Amber and I are the newest additions, but over the past year we’ve also added many more people into the team who are experts in their fields, bringing fresh perspectives on how we can innovate.

What does the focus on elevating the business entail?

One of the biggest plays is simple: making it a lot easier to do business with us.

We had a wide range of programmes and offerings and it became complicated to partner with us, understand the value this would bring and clearly ascertain the costs.

We’ve listened to this feedback and launched a new pricing structure which is currently being rolled out across our global markets.

This simplifies everything into focused, distinct product bundles that clubs can choose in accordance with their specific needs. With the bundles they get access to a wider range of programmes and services, so there’s more flexibility to mix, match and experiment with what works, without incurring extra costs.

We’ve also established a Club Customer Panel comprising 50 operators from around the world and spanning all segments and sizes. This is guiding product development and ensuring our approach is unwaveringly customer-centric.

Consumer data from our global footprint and the consumer-facing Les Mills+ system also plays a key role in informing our product development, particularly for identifying emerging workout trends and we see huge a opportunity to share findings with all our partners to help them stay relevant in a rapidly-moving market and inform their strategies.

We have vast amounts of insight within the business, and the passion across the team to deliver more for all our customers – clubs, instructors and consumers – is palpable. For me that’s the best signal of our intent.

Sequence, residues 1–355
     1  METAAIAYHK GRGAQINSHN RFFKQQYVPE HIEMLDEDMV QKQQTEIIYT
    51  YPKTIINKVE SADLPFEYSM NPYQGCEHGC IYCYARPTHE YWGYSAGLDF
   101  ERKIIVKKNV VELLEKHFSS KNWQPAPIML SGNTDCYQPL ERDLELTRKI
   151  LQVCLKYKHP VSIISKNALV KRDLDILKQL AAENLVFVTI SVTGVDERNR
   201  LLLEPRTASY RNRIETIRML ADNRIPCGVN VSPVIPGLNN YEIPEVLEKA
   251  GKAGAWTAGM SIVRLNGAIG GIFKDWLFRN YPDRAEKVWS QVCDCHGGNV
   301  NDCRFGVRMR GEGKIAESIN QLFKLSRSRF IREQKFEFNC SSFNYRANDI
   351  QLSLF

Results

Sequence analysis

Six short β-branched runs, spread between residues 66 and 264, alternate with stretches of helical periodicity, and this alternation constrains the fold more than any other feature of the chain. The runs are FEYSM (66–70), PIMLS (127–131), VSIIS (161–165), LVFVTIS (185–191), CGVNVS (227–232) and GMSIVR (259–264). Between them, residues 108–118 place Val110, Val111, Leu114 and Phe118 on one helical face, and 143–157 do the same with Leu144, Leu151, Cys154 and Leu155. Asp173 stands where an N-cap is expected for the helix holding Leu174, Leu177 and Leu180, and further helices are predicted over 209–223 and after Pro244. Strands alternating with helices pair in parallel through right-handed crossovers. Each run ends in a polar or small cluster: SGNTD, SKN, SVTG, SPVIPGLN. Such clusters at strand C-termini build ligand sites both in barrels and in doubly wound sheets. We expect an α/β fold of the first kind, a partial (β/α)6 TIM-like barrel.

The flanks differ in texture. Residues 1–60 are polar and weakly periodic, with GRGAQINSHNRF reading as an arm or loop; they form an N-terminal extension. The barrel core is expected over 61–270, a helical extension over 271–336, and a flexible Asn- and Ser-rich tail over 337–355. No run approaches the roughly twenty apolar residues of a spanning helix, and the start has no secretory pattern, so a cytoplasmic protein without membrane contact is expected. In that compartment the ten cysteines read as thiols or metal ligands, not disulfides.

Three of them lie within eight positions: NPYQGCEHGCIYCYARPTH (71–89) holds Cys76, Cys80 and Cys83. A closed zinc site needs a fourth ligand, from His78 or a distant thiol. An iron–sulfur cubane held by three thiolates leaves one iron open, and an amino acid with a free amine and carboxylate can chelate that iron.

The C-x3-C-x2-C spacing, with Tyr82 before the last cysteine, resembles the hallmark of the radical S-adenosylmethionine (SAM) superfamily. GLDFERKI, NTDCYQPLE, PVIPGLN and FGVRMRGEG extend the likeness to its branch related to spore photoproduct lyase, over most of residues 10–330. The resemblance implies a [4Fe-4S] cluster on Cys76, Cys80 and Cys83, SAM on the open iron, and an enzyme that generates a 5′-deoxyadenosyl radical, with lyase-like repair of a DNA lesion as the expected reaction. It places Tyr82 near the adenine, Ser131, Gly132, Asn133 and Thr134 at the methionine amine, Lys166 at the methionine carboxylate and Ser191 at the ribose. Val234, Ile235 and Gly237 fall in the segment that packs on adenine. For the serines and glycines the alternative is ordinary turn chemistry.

How about instructor engagement?

Instructors are the beating heart of our business, so we’re doubling down on our processes to ensure their voice is equally prominent in shaping our thinking. We’ve carried out quarterly NPS surveys for a long time to solicit regular feedback, but nothing beats live interaction, so we’re making extra efforts to get back out there and have these conversations in person.

The next phase of growth for the industry will be driven by operators’ ability to win their share of Gen Z and millennial customers

We’re midway through the Les Mills Live 2022 tour, which brings live fitness events to major cities around the world. We’ve just done New Orleans and Melbourne, then in October we’re hosting 5,000 Les Mills fans at the Excel Centre in London for group workouts.

Instructors are the backbone of these events and remain the big focus, but we’re excited to see an uplift in consumer attendances as well.

What’s your vision?

Change is constant. Trends pass, fads fizzle out, but only true innovators endure.

One of the things I most admire about Les Mills is that for 54 years, the company has been constantly reinventing what it means to be a fitness brand.

Right now, we’re innovating again, developing new live and digital programmes and products to redefine fitness for the next generation.

Gen Z and millennials (under 40s) make up over 80 per cent of the fitness market, yet some operators are struggling to attract these key demographics and remain relevant in the face of tough competition.

If the pandemic was defined by the industry’s use of technology to keep members moving, then the next phase of growth will be driven by operators’ ability to win their share of Gen Z and millennial customers.

This is now a major battleground, so my vision is to help Les Mills empower the industry to engage this key demographic, kickstarting a new era of growth that gets us closer to our goal of creating a fitter planet.

The focus is on growing the overall market for fitness / photo: Les Mills / Dan Root Photography
A Club Customer Panel is guiding product development / photo: Les Mills / Kristian Frires
Luke Waldren & Amber Taylor Credit: Photo: Les Mills
Waldren co-founded a branded content business before joining Les Mills Credit: Photo: Les Mills
Les Mills offers 21 different workouts via live and digital with more coming on VR Credit: Photo: Les Mills
Data and insights on trends will be shared with club operators Credit: Photo: Les Mills
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Jetts Fitness Australia CEO, Elaine Jobson, has led an MBO to acquire the franchised Jetts Fitness business from parent company Fitness & Lifestyle Group (FLG).